South East Wales

Cardiff Bay Dolffin Quay plans will 'destroy' parkland

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Media captionLord Crickhowell said it was "inconceivable" tall buildings could be built on area originally intended to be Cardiff Bay's "oasis"

Plans to build a 24-storey building for flats, shops, bars and restaurants in Cardiff Bay will destroy the area's only parkland, campaigners have said.

Associated British Ports (ABP) said Dolffin Quay would bring hundreds of new homes and regenerate Harbour Drive.

But opponents are worried about the loss of park space and its impact on the nearby Norwegian Church.

Among them is Lord Crickhowell, who set up Cardiff Bay Development Corporation to transform the area in 1987.

Image copyright ABP
Image caption Up to 200 flats could be housed in Dolffin Quay's main building
Image caption Campaigners say Britannia Park is well used
Image copyright ABP
Image caption The plans show how the redeveloped Britannia Park could look

ABP said the proposal would continue the redevelopment of the former industrial land and revitalise the wider bay area which began with Mermaid Quay and has since included Porth Teigr.

It said Britannia Park, opposite the Norwegian Church Arts Centre, would also be improved with a new park, public realm and open space "at the heart of the scheme".

The plan also includes proposals to move the Grade II-listed Locky's Cottage, a former workmen's hut based at Sea Lock, to Roath Basin.

But those against it claim Dolffin Quay would destroy the bay's only green spaces, while Cardiff Civic Society said the plans "pose a real threat to the continuing success of the bay as a whole".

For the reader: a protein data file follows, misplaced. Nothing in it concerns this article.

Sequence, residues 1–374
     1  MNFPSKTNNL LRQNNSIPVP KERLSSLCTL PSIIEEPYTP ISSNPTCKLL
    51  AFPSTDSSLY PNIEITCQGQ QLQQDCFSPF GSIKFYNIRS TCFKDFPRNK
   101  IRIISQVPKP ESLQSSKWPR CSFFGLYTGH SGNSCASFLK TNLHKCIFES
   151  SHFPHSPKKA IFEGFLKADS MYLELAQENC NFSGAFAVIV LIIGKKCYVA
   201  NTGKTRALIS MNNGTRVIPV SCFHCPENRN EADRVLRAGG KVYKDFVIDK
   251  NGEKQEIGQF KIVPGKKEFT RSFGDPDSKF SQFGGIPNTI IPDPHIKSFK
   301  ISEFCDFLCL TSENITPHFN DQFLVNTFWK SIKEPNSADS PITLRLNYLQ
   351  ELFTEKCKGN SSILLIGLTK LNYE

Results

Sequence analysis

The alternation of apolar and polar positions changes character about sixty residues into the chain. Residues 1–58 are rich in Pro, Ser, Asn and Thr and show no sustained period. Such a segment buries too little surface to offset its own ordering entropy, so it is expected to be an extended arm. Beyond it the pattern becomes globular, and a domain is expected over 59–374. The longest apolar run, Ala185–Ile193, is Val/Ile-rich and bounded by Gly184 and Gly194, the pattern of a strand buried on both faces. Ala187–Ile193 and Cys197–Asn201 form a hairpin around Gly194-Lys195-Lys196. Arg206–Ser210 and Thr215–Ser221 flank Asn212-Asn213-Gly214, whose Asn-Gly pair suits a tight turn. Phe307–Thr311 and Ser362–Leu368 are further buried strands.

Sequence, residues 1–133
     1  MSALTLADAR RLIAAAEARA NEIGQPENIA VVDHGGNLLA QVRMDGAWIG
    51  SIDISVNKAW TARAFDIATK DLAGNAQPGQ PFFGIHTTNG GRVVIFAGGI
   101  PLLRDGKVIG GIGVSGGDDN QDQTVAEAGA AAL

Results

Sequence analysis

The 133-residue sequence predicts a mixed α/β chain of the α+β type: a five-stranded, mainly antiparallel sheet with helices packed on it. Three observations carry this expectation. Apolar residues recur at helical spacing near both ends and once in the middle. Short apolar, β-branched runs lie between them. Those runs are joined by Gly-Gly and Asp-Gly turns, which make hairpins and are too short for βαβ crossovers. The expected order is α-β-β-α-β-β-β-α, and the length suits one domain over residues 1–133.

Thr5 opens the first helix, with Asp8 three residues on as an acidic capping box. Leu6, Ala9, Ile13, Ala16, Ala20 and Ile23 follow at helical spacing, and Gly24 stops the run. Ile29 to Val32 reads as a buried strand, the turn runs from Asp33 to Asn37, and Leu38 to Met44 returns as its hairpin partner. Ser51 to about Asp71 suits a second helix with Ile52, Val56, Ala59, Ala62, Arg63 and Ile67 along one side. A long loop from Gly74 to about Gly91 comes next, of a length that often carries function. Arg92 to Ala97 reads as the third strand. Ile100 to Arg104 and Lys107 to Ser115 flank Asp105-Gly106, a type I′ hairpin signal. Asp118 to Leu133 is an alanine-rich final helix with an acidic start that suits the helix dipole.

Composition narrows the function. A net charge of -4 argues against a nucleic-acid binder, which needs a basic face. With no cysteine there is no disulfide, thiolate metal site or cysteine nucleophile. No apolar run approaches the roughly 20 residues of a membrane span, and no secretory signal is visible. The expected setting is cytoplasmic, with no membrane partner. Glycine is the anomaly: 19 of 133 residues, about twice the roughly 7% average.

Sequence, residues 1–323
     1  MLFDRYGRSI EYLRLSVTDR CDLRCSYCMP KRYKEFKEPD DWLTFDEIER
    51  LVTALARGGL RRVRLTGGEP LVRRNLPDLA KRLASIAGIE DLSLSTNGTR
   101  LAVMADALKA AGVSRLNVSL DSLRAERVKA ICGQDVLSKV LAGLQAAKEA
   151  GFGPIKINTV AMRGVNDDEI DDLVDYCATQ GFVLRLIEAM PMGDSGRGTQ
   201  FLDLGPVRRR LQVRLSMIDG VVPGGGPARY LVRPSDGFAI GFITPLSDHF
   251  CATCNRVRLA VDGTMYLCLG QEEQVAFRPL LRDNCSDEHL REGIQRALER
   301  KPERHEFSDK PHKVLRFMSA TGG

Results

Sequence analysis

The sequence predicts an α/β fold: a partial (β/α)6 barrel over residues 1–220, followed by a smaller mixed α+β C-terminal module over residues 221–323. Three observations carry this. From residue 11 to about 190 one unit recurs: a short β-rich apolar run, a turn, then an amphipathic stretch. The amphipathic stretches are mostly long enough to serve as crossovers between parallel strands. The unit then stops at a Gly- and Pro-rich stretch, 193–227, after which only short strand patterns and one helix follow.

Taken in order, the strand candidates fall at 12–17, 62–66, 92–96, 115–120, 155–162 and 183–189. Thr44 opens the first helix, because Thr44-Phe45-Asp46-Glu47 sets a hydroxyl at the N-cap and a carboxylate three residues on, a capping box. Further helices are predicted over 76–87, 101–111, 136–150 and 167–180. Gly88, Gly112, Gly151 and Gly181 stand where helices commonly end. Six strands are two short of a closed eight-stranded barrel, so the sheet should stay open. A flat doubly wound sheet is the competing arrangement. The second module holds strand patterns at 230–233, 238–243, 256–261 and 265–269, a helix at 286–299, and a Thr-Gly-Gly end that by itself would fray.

More than 1,500 people have signed a petition against the development.

Image copyright ABP
Image caption A public meeting to oppose the plans is being held on Tuesday evening

Former Welsh Secretary Lord Crickhowell said: "It's clearly a breach of everything conceived and developed by the Cardiff Bay Development Corporation.

"The idea you would close off and shut down highly attractive parks would never have been thought of.

"It's a totally disastrous piece of planning. The whole thing will look dreadful."

Cardiff Civic Society chairman, Nerys Lloyd-Pierce, added: "This attractive area of the bay which also houses the Norwegian Church will be destroyed by this insensitive commercial development."

ABP said the development had been designed to ensure it resulted in a "public realm dominated by usable and attractive green spaces" and said the proposals would provide the eastern part of the bay with "an enhanced area of high quality open space".

A public meeting opposing the plans was held at the site on Tuesday evening and a planning application is expected to be submitted to Cardiff council shortly.

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